La danse, Bacchante
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Metzinger's La Danse, also known as Bacchante, shows the artist on the road to cubism, playing with the bright, cheery colors of Fauvism and the pixelated look of "divisionism."

The art historian Max Raphael came at Metzinger sideways, claiming that he and Delaunay ripped off the styles of Signac and Picasso in order to make money. Calling Metzinger "ambitious" but "impotent," Raphael imagined the following inner-mind monologue: "Picasso doesn't exhibit his work, and if he were to get known, then I, Monsieur Metzinger, will curse him out of existence." Picasso laughed about this, all the way to the bank.

A former mathematician, Metzinger wanted to create a "purely mathematical" process of painting, which, in this work, involves dividing the canvas into segments, like a digital image. The image takes advantage of pareidolia, a neurological phenomenon that allows us to recognize forms based on the imagination. In cases of pareidolia, it is easier to recognize something with a more limited range of input, so if you want to see it really clearly, squint first. Both Braque and Metzinger worked with the Fauve idiom of Matisse and Derain, on their way to cubism. Three years after meeting Picasso, Metzinger wrote an article which identified a connection between Picasso, Braque, Delaunay, and Le Fauconnier. Only later did other writers look back and call this "cubism."

La Danse, Bacchante is an installation in an ancient tradition of pre-Christian Greece. The Bacchante, or the Bacchae, or maenads, go by many names, and they are connected to the artistic tradition of nymphs and fairies. They are, in some cases, women who initially resisted the tempting attraction of Bacchus, A.K.A. Dionysus, the deity of drunkenness, intoxication, trance, and hypnosis. In other cases, they follow him willingly. They throw off all reason, and submit themselves completely to Bacchus. In exchange for their devotion, Bacchus nullifies their politeness, and they go hog wild, ripping people and animals apart with their bare hands. This image of hypnotic swarms of women punishing men for our arrogance and lack of spiritual devotion was quite popular. The "dance" of the Bacchante puts her in a pose like The Source by Ingres. Because there were not yet all-you-can-eat highway restaurants with big laminated menus, people had to work harder to find their food. But not the Bacchantes—conveniently, they had the ritual of omophagia, which is their word for eating live raw flesh, one of their favorite ways to pass the time. Omophagia makes the whole country into an all-you-can-eat buffet. These activities were part of the "mystery" stories, but not the cult itself.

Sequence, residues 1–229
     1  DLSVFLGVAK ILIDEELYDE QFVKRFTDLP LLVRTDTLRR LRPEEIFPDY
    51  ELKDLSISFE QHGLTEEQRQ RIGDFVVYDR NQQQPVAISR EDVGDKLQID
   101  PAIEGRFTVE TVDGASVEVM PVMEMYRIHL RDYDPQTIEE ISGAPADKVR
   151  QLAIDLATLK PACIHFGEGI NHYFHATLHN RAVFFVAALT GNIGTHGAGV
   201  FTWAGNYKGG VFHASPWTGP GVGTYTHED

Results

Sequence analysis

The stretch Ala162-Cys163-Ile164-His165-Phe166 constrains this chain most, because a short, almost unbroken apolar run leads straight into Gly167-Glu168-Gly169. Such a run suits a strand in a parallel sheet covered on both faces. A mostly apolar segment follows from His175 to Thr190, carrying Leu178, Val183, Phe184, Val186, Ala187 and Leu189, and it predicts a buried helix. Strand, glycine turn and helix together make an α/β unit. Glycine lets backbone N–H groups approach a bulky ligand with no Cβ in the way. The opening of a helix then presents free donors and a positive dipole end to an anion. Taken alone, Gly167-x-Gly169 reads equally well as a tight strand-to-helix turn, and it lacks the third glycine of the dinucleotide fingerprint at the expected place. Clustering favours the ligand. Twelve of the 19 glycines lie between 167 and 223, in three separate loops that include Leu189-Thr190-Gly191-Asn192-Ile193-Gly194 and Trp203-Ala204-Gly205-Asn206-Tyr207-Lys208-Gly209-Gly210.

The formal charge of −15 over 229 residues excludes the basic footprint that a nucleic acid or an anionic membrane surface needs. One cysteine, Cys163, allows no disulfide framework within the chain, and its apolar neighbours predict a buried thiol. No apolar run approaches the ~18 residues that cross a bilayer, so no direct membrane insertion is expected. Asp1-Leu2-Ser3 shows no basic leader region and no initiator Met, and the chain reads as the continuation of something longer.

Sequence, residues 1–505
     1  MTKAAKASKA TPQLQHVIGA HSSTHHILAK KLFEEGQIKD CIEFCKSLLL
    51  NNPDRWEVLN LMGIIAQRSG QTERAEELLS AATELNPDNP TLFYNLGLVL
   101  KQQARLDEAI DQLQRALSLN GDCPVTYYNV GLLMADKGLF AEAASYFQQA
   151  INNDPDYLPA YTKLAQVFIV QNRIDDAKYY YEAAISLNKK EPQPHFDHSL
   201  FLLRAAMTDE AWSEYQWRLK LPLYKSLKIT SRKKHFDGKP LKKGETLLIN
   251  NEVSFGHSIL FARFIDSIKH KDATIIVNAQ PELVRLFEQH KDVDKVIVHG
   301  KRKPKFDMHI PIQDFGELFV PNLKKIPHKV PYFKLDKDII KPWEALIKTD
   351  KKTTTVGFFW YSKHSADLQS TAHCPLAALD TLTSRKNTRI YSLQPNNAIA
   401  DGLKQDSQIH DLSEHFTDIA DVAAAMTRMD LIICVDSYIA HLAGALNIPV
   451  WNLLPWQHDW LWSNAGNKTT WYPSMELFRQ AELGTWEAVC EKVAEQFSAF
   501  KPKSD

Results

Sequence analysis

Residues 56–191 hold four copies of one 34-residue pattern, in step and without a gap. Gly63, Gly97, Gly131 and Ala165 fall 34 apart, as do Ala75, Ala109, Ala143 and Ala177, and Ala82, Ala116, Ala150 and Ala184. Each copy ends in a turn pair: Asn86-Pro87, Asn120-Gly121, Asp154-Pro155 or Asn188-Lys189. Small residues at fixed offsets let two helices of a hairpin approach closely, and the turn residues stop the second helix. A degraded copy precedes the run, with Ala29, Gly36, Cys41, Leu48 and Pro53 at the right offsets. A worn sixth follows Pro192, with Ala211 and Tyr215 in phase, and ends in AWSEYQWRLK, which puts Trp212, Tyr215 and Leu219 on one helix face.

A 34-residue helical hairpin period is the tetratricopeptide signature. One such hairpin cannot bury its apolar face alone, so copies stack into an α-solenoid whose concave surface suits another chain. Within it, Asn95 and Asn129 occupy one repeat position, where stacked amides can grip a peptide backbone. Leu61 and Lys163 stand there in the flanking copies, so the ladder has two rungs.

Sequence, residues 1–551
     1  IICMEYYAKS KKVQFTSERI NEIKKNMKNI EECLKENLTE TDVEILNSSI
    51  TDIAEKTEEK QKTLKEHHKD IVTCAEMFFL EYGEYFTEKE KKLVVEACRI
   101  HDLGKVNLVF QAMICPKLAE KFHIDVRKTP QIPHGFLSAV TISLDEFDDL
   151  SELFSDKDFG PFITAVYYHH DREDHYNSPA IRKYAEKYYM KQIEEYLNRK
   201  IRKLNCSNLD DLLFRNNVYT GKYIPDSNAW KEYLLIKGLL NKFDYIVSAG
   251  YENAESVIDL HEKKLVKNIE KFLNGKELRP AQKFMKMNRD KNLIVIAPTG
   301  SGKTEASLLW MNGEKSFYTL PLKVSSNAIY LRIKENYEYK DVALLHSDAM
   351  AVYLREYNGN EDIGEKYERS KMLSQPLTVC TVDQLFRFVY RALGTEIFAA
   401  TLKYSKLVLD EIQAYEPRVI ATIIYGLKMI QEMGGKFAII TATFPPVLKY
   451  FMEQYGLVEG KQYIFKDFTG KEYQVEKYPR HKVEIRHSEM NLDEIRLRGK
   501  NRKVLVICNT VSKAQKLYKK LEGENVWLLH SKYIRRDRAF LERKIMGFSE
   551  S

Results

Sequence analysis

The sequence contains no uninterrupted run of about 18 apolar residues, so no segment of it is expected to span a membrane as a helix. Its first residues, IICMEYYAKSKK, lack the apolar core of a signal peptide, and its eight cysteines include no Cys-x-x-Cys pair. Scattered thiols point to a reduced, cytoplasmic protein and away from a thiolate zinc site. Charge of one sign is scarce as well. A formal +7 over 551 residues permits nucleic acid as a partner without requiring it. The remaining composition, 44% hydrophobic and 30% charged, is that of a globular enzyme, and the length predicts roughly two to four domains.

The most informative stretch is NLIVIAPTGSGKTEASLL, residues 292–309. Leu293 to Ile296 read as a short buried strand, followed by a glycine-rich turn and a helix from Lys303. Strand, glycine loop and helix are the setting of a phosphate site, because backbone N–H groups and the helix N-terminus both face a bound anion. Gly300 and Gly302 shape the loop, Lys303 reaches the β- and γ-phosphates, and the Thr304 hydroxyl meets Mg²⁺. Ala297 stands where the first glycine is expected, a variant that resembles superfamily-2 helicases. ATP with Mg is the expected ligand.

1. Amital, R. Yehuda. Jewish Values in a Changing World. Jersey City, NJ: KTAV, 5675/2005.
  2. Cottington, David. Cubism and Its Histories. Manchester: Manchester University Press, 2004.
  3. Oranje, Hans. Euripides & Bacchae. Leiden: Brill, 1984.
  4. Richardson, John. A Life of Picasso. New York: Knopf, 2007.

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Here is what Wikipedia says about La danse, Bacchante

La danse (also known as Bacchante) is an oil painting created circa 1906 by the French artist and theorist Jean Metzinger (1883–1956). Bacchante is a pre-Cubist or Proto-Cubist work executed in a highly personal Divisionist style during the height of the Fauve period. Bacchante was painted in Paris at a time when Metzinger and Robert Delaunay painted portraits of one another, exhibiting together at the Salon d'Automne and the Berthe Weill gallery. Bacchante was exhibited in Paris during the spring of 1907 at the Salon des Indépendants (No. 3460), along with Coucher de soleil and four other works by Metzinger.

The painting was purchased by the art historian and collector Wilhelm Uhde and formed part of his collection until it was sequestered by the French government just before World War I. By 30 May 1921 Bacchante was owned by the French painter André Lhote. The painting appeared at the auction house Hôtel Drouot where it was presumably purchased by Kröller-Müller, and published in Catalogue of the paintings in the collection of Helene Kröller-Müller. The painting forms part of the permanent collection of the Kröller-Müller Museum.

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